Five top tips: getting on top of Marie Curie Action administration

Applying for a grant, moving and working in another country, translating official documents... administration represents a huge part of a Marie Curie fellow's life, so check out Kiran Kumar Chereddy's "five tips" on taking the pain out of paperwork!

Kiran Kumar Chereddy took part in a Marie Curie Initial Training Network (ITN), wanting to expand his network and develop close professional contacts within the context of a high quality research project.

Tip 1: Claim exemption from a work permit with a scientific visa!

Chereddy comes from India and moved to Belgium to work at the Louvain Drug Research Institute in Belgium. As people coming from a non-EU country can't usually stay in an EU country for more than three months, they need authorisation to stay longer and to work there. However, if you hold a scientific visa, there is no need to ask for a work permit.

As Chereddy advises, be sure that the authorities within your chosen town are fully familiar with the scientific visa. Further information on scientific visas is available here, and if you experience administrative difficulties, use the form available here to facilitate the process.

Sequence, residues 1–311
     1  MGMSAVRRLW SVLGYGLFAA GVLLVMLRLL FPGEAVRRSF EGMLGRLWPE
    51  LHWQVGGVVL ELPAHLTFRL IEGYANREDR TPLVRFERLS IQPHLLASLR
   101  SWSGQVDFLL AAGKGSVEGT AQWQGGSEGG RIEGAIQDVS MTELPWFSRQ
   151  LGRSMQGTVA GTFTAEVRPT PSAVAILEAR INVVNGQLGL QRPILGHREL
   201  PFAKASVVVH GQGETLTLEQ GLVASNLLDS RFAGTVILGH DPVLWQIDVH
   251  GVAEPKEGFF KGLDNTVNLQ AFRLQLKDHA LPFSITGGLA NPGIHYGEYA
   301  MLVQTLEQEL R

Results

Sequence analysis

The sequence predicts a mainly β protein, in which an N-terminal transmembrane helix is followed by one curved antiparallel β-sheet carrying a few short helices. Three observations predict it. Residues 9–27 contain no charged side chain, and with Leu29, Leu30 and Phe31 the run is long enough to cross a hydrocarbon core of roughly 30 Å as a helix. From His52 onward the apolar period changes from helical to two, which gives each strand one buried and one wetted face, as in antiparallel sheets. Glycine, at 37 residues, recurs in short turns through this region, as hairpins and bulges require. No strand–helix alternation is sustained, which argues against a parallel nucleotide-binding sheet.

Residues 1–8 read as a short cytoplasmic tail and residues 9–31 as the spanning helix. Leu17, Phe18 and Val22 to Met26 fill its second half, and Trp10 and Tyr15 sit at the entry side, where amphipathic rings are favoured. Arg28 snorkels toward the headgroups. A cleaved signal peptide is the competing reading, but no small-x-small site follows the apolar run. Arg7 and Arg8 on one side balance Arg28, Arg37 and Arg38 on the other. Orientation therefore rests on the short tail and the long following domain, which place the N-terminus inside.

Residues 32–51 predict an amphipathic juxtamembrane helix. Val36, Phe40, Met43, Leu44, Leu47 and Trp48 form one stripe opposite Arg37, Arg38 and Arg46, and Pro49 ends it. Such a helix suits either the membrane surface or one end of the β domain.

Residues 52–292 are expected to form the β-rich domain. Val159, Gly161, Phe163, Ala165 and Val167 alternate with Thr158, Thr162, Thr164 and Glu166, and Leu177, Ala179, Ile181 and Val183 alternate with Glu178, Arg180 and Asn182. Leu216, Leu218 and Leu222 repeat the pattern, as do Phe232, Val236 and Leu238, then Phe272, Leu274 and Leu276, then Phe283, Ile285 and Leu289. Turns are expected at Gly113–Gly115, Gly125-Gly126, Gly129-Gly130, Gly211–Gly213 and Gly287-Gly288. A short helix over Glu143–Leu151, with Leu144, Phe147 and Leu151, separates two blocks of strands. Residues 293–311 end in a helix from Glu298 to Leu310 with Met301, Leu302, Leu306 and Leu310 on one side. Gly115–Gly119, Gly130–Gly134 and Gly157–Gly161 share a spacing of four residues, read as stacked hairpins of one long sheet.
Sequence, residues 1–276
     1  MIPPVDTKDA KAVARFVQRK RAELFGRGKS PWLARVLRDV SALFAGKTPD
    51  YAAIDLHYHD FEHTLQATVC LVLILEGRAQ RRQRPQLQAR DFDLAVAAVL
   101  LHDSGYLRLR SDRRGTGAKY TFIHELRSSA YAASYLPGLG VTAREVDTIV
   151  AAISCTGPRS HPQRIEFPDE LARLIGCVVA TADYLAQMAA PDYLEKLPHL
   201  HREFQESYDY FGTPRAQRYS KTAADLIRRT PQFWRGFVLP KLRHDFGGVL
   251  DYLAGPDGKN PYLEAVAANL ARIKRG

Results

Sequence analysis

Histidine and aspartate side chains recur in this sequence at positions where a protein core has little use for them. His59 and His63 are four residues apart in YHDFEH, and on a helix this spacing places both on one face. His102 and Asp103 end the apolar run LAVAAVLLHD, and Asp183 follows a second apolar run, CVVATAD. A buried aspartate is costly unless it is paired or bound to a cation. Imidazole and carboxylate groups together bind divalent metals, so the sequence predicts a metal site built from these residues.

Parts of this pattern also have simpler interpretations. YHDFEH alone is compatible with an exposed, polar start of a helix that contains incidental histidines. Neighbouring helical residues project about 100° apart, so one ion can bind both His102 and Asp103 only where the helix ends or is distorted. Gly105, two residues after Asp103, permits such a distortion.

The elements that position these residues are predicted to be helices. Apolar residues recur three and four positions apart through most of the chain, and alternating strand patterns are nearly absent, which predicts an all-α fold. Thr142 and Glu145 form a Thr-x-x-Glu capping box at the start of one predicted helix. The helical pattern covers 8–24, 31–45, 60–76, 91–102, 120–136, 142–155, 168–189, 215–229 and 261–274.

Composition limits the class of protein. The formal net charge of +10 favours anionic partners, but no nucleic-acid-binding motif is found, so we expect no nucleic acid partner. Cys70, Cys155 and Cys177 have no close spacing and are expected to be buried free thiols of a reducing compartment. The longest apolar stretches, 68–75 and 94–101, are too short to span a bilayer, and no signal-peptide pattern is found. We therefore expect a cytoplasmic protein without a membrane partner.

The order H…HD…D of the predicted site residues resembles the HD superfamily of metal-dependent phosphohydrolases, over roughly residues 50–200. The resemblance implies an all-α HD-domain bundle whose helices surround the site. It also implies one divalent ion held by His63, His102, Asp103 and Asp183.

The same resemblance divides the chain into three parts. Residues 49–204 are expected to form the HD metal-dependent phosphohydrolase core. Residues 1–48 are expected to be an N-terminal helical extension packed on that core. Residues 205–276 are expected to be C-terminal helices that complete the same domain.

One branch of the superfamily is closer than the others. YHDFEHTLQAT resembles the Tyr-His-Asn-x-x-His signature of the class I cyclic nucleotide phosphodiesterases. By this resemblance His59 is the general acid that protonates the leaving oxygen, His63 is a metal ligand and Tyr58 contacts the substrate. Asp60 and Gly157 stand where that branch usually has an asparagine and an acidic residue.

Tip 2: Get in touch with the National Contact Points!

National Contact Points (NCPs) are present in each EU country. They are financed by governments of the EU Member States and the States associated to the framework programme. They provide mainly:

  • Guidance on choosing thematic priorities and instruments;
  • Advice on administrative procedures and contractual issues;
  • Training and assistance on proposal writing;
  • Distribution of documentation (forms, guidelines, manuals etc.);
  • Assistance in partner searches.


Chereddy, wanted to know how his salary and allowance were fixed in the context of his project and received a full breakdown showing how his salary was calculated from the NCP.

Tip 3: Stay in close contact with your professor!

Chereddy has several types of cost to cover during his fellowship and was worried about getting reimbursed. He was fortunately in close contact with his professor, who understood his situation and supported him in claiming reimbursements.

Tip 4: Stay informed thanks to Euraxess!

Euraxess provides a complete range of information and support services to researchers. Chereddy recommends this website as a source of information, and as a useful resource should you encounter administrative difficulties.

Tip 5: Familiarise yourself with the Marie Curie terminology!

According to Chereddy, it is crucial to feel comfortable with the Marie Curie terminology, like acronyms, programmes and funding names, etc. Don't worry about this - the Marie Curie Alumni Association website will provide all the information you need to stay on top of all Marie Curie procedures!

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